Asterius the Sophist Auxentius of Milan Auxentius of Durostorum Constantius II Gothic persecution of Christians Fritigern Alaric I Artemius Odoacer Theoderic the Great Anthony Ashley Cooper, 1st Earl of Shaftesbury

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There are five primary sources for the study of Ulfilas's life. Two are by Arian authors, three by Imperial Roman Church (Nicene Christianity) authors.[14]

Arian sources

Life of Ulphilas in the Letter of Auxentius Remaining fragments of Historia Ecclesiastica by Philostorgius

Nicene Christianity
Nicene Christianity
sources

Historia Ecclesiastica by Sozomen Historia Ecclesiastica by Socrates Scholasticus Historia Ecclesiastica by Theodoret

There are significant differences between the stories presented by the two camps. The Arian sources depict Ulfilas
Ulfilas
as an Arian from childhood. He was then consecrated as a bishop around 340 and evangelized among the Goths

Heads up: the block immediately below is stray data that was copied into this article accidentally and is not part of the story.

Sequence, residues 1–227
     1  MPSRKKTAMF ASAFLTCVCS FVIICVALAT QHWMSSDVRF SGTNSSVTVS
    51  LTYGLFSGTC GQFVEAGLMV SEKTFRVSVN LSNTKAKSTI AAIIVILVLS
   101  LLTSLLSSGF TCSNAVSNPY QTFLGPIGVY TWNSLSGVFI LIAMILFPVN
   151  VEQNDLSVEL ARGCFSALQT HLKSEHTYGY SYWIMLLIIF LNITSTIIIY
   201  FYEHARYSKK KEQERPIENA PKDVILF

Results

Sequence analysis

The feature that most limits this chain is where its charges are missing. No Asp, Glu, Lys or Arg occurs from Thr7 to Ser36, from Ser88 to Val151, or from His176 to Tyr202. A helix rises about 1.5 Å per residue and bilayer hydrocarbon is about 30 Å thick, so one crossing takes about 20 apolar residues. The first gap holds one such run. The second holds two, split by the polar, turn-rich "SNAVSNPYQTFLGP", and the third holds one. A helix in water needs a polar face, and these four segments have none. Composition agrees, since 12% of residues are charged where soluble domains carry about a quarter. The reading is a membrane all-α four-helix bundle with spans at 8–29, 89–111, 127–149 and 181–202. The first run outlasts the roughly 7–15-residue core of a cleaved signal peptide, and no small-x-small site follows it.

Goths
for seven years during the 340s.He then moved to Moesia
Moesia
(within the Roman Empire) under the protection of the Arian Emperor Constantius II. He later attended several councils and engaged in continuing religious debate. His death is dated from 383. The accounts by the Imperial Church historians differ in several details, but the general picture is similar. According to them, Ulfilas
Ulfilas
was an orthodox Christian for most of his early life and converted to Arianism
Arianism
only around 360 because of political pressure from the pro-Arian ecclesiastical and governmental powers.[citation needed] The sources differ in how much they credit Ulfilas
Ulfilas